A heading in the ‘Bolton Chronicle’ on Saturday, 10 November 1838 stated: Horrible murder at Belmont
George Henderson, a young Scottish packman was employed as a traveller by a Mr John Blackburn.He moved around the neighbourhood taking orders; selling, delivering, and collecting payment.He visited Blackburn regularly to report to his employers.
On Thursday 8 November he stayed at the ‘Old Cock Inn’, Blackrod, a village on the turnpike road, from Manchester to Preston.An old track from Blackrod led down to Anderton Hall, Horwich then across to the Rivington Pike road, near Winter Hill and joining the regular old packhorse route to Blackburn by way of Belmont, a moorland village on the Bolton to Preston road.
Henderson left Blackrod about 8.0 am on the Friday morning but he never arrived in Blackburn.He was found at 13.45 pm lying near the summit of Winter Hill, by the road descending to Belmont.He had been shot through the head and he died at 2.30 pm in a nearby cottage.The motive was presumed to be robbery and as a result of the evidence, a local man James Whittle, was arrested.Following the inquest he was sent for trial - and acquitted, the murder remaining unsolved - at the Lancashire Assizes at Liverpool in 1839.By the T.V. mast on Winter Hill, a memorial known as Scotsman’s Stump was erected, to mark the spot where George Henderson was shot.It bears the following inscription:-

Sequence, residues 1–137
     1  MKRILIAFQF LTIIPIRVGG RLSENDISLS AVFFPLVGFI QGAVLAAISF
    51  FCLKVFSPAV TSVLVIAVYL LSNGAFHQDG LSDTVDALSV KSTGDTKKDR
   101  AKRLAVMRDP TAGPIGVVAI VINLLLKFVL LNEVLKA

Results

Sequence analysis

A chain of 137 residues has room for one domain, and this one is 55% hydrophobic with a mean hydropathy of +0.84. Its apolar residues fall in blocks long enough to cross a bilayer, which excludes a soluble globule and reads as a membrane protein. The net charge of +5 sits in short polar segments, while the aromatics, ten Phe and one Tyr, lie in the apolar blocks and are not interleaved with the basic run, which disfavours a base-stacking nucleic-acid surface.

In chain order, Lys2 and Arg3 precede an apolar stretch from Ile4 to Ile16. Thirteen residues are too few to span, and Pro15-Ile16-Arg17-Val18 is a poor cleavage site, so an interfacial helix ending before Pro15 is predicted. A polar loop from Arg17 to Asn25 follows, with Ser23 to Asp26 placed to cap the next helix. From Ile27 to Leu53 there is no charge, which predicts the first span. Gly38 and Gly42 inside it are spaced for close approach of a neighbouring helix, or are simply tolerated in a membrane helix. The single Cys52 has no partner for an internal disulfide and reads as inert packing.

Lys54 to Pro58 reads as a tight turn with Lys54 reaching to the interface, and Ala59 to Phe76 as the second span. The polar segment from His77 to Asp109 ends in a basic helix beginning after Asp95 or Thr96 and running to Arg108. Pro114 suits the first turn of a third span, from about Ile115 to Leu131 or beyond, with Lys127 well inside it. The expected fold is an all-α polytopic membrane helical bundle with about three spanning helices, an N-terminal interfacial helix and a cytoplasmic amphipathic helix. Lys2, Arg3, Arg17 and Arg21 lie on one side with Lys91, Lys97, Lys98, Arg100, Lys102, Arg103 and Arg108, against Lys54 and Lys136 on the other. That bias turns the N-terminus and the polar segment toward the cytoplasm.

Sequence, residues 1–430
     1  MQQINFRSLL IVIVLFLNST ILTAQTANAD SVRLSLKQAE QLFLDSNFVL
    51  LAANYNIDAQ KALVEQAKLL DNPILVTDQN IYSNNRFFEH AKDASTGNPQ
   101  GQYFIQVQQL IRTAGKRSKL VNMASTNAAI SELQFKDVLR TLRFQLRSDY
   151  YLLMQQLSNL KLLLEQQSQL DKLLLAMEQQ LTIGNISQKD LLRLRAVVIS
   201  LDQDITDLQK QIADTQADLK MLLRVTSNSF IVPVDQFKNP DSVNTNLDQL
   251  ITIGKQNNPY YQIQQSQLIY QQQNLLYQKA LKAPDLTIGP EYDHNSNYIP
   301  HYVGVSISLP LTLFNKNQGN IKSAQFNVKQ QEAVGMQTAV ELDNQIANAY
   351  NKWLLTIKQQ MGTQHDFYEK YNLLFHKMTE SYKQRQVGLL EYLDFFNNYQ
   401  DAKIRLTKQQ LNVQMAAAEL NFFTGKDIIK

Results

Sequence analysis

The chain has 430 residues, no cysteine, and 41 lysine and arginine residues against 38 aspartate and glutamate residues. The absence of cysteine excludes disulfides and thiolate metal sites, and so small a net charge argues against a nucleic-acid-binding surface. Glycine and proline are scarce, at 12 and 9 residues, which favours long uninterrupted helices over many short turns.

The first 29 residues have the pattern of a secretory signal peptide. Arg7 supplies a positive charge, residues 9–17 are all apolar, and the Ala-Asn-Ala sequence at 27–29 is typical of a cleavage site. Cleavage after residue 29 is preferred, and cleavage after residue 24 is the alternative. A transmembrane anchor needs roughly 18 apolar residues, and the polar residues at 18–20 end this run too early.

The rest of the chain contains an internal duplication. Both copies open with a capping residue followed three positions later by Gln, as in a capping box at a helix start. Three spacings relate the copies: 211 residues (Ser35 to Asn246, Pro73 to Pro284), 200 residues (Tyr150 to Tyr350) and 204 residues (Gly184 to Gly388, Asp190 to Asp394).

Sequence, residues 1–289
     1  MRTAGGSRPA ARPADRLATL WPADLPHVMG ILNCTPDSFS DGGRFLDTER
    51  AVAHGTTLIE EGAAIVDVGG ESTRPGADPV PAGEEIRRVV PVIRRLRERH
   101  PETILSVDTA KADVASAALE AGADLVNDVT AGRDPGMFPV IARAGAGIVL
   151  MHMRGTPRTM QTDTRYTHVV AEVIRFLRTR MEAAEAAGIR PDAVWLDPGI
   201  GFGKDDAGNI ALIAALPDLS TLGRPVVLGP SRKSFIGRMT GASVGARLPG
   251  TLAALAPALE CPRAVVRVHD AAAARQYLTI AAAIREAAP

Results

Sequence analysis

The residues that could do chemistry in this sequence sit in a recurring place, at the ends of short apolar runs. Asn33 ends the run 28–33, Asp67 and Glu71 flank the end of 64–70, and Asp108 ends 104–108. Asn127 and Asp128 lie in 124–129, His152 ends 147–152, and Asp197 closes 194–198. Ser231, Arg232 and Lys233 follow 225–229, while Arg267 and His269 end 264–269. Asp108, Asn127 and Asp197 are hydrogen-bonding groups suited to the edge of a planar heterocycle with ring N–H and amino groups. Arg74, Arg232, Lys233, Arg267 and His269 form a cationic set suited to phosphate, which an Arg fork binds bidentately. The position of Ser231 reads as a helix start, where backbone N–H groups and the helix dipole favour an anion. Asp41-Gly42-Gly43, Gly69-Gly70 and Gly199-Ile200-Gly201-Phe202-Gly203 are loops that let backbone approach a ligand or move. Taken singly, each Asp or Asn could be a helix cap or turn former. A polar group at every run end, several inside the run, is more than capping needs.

“To the memory of George Henderson, traveller, native of Annan, Dumfries-shire, who was brutally murdered on Rivington Moor at Noonday, November 9th1838 in the 20th year of his age.